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Whitehall told to seek private investment first

The Treasury will block all capital spending by Whitehall departments unless they have first considered whether the projects could be financed by the private sector, Kenneth Clarke, the Chancellor, announced yesterday.

Mr Clarke, in a speech to the annual CBI conference in Birmingham, said the order would mean that public money would be concentrated on the areas where it was most needed.

He made his announcement just before a Cabinet meeting which all but agreed public spending plans for the next three years. Downing Street said confidently that the details would be settled at a further Cabinet tomorrow.

Initial signs were that the Chancellor had been able to reduce the pounds 263bn planning total by pounds 5bn or more because of the faster than predicted fall in unemployment and lower than forecast inflation.

With Whitehall sources insisting that most of the path to a deal tomorrow had been cleared, the main hitch was still thought to be the social security budget. Earlier problems which had emerged between the Treasury and Gillian Shephard, Secretary of State for Education, were thought to have been overcome.

A big cut in the roads programme and a tight settlement for local authority expenditure are expected to be features of the deal when it is announced on 29 November.

John Major's weekly audience with the Queen was delayed for 30 minutes as the Cabinet attempted to complete its deliberations, which took almost four hours. But Downing Street said that the Cabinet had had ``a detailed and very productive examination'' of the spending totals between 1995-6 and 1997-8.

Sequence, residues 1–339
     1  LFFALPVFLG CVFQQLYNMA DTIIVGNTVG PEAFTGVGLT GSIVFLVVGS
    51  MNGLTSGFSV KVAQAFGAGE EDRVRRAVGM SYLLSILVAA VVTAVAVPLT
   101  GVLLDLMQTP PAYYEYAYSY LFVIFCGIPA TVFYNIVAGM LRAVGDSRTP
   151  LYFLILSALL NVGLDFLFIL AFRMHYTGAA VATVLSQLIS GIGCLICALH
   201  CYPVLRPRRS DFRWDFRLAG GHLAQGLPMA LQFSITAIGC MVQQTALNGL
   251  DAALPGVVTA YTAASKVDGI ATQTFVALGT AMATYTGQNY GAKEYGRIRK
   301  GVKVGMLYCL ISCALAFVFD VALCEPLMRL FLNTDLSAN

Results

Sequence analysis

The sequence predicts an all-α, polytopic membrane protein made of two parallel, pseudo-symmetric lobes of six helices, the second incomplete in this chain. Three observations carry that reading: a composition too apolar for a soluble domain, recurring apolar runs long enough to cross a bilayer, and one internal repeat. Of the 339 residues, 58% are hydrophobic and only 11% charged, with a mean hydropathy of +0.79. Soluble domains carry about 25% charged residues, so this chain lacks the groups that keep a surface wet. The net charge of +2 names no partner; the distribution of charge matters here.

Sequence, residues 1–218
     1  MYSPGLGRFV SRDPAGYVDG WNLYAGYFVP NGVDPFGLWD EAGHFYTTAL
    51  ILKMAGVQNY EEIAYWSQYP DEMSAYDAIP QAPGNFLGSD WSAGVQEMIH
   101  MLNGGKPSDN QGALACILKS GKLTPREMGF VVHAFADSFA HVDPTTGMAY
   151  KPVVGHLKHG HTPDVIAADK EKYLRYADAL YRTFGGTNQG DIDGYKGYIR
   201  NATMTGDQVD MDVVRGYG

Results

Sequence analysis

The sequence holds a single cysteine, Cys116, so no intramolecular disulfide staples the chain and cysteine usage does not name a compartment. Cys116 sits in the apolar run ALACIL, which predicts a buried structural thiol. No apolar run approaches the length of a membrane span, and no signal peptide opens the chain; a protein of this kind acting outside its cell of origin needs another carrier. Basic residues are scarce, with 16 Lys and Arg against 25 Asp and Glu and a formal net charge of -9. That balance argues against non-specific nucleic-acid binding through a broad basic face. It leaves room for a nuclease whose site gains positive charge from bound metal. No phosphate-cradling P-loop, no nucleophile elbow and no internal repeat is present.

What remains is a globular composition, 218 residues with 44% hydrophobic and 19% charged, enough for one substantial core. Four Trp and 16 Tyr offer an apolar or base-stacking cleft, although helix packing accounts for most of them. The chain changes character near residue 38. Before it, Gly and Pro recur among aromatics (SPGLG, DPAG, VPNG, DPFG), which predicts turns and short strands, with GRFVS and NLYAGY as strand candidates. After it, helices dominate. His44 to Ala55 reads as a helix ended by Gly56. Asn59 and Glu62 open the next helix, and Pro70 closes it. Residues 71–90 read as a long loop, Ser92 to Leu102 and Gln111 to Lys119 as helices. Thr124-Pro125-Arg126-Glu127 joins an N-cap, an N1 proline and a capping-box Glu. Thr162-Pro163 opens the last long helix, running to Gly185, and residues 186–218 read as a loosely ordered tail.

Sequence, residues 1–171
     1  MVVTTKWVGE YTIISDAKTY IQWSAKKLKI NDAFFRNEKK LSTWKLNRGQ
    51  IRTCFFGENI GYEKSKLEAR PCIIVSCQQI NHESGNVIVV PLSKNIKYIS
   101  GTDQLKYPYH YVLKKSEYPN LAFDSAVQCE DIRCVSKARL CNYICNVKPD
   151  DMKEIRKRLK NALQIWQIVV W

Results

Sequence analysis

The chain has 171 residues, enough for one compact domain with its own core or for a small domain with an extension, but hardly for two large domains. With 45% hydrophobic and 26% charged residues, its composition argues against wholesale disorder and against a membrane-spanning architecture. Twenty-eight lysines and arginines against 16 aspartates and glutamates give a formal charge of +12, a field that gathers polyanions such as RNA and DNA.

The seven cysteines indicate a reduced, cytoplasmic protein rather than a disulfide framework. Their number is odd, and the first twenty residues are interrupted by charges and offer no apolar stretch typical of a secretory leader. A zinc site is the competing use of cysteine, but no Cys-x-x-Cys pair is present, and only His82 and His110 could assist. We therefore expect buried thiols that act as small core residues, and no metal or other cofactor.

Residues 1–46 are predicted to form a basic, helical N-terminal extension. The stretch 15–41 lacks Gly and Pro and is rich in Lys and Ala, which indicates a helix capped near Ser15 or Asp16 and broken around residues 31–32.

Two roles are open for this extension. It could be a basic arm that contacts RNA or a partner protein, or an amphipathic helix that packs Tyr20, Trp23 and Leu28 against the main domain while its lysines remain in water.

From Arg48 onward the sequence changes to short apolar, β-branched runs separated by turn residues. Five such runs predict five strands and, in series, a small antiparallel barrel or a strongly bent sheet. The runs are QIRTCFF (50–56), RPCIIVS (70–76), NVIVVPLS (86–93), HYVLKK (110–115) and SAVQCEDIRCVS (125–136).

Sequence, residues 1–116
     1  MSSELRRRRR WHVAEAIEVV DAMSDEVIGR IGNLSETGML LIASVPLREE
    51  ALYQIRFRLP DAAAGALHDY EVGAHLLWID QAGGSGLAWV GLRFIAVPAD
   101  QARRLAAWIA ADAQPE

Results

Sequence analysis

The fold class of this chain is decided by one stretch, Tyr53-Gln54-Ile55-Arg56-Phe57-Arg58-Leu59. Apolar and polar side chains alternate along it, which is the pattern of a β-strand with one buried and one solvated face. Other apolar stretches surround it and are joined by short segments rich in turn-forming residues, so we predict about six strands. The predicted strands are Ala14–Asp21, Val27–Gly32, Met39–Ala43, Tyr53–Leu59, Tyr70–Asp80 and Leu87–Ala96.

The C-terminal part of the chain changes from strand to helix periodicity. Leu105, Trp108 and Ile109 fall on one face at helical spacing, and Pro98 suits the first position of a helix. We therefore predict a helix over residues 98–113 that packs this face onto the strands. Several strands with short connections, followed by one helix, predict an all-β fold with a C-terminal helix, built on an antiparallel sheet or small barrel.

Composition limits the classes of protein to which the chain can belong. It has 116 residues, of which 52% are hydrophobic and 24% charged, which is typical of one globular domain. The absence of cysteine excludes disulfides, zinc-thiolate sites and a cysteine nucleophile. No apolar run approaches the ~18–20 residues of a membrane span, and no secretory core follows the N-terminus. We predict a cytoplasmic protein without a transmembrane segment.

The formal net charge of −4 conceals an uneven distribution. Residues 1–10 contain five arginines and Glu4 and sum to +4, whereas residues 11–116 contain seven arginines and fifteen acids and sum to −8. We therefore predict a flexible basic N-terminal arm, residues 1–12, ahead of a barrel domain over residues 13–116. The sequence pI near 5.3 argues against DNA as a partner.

The Treasury was thought to have been taking a tough line with Peter Lilley, the Secretary of State for Social Security, insisting on a cap on housing benefit payments in the private rented sector and limits on modifications to the Child Support Act to deal with the grievances of fathers.

On private finance for public sector projects, Mr Clarke said that by the end of this financial year half a billion pounds will have been brought in under the Private Finance Initiative launched last year. Although most projects have been in transport, Mr Clarke said: ``The opportunities for private finance are almost limitless and spread right across government. Those departments who take up the challenge will be able to deliver more projects than those who do not.''

Projects already under way range from privately financed prisons and water and sewage projects to the pounds 150m replacement of the National Insurance Recording System, one of the largest computer systems in the country. Mr Clarke said that expansion of private financing would mean fewer ``scandalous'' over-runs.

He said that in PFI projects, the private sector must genuinely assume risk without guarantees that the taxpayer will foot the bill if things go wrong but that the returns would be greater than in traditional public sector projects.

Howard Davies, director general of the CBI called for a private finance Bill in place of the aborted attempt to privatise the Post Office. It would allow motorway tolls and give grant-maintained schools more borrowing powers.

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